This pattern was observed across most medication types, not only those relating to palliative care, and was largely due to changes in consumer behaviour coinciding with the introduction and then easing of restrictions during the COVID-19 pandemic in 2020. Also, in response to this dramatic increase in demand for medicines during early March which resulted in reported shortages in medicines, the Australian Government implemented temporary changes to medicines regulation to support continued access to PBS medicines (AIHW 2020).

Between July and December 2020 the number of prescriptions was relatively similar to previous years, before another large drop was observed for most months between January to May 2021 (3–15% below the 2019 levels for the corresponding months). These trends were largely driven by trends in the number of prescriptions for pain relief by GPs.

For more information see: Impacts of COVID-19 on Medicare Benefits Scheme and Pharmaceutical Benefits Scheme: quarterly data (AIHW 2021).

Figure PBS.5 Trends in palliative care-related prescriptions from the Palliative Care Schedule, by medication type and prescribing clinician, 2016–17 to 2020–21

Figure PBS 5.1: This interactive data visualisation shows the number and rate of palliative care-related prescriptions by medication type and prescribing clinician[DK1] [MS2] , for each year between 2016-17 to 2020-21. It shows the total number of palliative care prescriptions from all clinicians increasing each year to 2019–20 and then declining in 2020–21.

Figure PBS 5.2: This interactive data visualisation shows the number and rate of palliative care-related prescriptions by medication type and prescribing clinician, for each month between January 2019 to June 2021. It shows that over the period there have been large spikes and dips, in particular a large increase in March 2020 (compared with March 2019 levels) and in January 2021 (compared with corresponding levels in previous years).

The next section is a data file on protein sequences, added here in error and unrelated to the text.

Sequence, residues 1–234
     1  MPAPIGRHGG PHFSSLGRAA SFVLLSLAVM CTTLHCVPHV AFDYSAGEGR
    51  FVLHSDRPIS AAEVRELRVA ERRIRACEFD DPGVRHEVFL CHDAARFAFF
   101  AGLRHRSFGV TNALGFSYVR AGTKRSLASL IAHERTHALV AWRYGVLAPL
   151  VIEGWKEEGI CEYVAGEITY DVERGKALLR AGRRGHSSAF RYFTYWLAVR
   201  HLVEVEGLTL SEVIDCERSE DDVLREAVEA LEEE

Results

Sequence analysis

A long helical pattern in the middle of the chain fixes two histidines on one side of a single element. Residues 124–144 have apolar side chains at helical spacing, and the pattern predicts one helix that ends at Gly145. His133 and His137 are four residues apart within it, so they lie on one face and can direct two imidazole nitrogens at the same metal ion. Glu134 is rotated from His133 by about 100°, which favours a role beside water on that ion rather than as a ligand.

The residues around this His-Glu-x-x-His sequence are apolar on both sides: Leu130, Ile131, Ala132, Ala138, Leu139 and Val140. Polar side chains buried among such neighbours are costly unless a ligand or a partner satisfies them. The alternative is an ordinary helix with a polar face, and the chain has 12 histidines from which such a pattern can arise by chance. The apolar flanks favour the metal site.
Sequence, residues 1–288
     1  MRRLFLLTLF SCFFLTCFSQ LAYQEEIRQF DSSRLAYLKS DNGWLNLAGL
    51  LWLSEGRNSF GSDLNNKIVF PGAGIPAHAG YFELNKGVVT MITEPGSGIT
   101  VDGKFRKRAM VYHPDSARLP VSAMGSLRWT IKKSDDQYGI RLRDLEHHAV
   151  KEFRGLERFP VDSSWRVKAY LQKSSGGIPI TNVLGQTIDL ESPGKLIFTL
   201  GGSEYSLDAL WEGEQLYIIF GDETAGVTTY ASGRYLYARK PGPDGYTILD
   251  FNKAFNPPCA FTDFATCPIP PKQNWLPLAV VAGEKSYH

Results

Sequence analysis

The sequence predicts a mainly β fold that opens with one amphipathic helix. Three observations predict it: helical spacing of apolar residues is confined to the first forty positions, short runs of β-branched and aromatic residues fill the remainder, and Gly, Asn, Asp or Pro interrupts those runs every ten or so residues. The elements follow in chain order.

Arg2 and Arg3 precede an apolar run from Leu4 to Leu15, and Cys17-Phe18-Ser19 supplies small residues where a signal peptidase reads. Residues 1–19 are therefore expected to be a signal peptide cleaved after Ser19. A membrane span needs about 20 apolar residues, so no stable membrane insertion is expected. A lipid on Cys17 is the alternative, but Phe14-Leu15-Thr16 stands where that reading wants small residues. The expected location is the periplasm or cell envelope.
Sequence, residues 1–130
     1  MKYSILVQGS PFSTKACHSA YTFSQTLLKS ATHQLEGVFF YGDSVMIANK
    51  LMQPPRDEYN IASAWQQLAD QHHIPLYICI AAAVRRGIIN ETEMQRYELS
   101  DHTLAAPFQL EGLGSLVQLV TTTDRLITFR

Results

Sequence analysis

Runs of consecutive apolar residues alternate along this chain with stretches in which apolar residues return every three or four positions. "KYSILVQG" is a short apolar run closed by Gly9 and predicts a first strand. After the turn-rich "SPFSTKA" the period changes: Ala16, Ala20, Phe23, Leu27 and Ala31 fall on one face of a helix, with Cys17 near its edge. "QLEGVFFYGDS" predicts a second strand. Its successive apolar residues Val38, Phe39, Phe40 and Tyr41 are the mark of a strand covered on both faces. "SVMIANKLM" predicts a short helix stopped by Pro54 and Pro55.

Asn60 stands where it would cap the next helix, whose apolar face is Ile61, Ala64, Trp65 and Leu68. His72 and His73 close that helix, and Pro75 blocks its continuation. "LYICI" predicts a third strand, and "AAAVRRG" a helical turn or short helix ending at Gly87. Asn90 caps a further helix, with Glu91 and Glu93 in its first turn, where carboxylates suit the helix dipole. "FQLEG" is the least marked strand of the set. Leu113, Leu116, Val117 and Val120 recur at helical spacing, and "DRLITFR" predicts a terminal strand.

Visualisation not available for printing

How much was spent on these medications?

During 2020–21:

  • $22.9 million was paid nationally in benefits for medications included on the Palliative Care Schedule, this was an increase of 61% (in current prices) from $14.3 million in 2016–17 or a 51% increase after adjusting for inflation (in real terms; Table PBS.9). Consistent with the number of prescriptions each year, a much larger increase in expenditure occured between 2016–17 and 2017–18 (41% increase in real terms) compared to subsequent years.
  • Nationally, the cost per person dispensed with at least one palliative care-related prescription was $45 – this ranged from $25 per patient in the Northern Territory to $59 per patient in Tasmania (Table PBS.8), consistent with the prescription rate in each state and territory, where Tasmania had the highest and Northern Territory the lowest.
  • Pain relief prescriptions made up 86% of this expenditure ($19.7 million), followed by prescriptions for gastrointestinal symptoms (11% or $2.6 million), and prescriptions for respiratory symptoms (1.9% or $433,700). The proportion of benefits paid for pain relief medications ranged from 79% in South Australia to 92% in Northern Territory (Table PBS.8).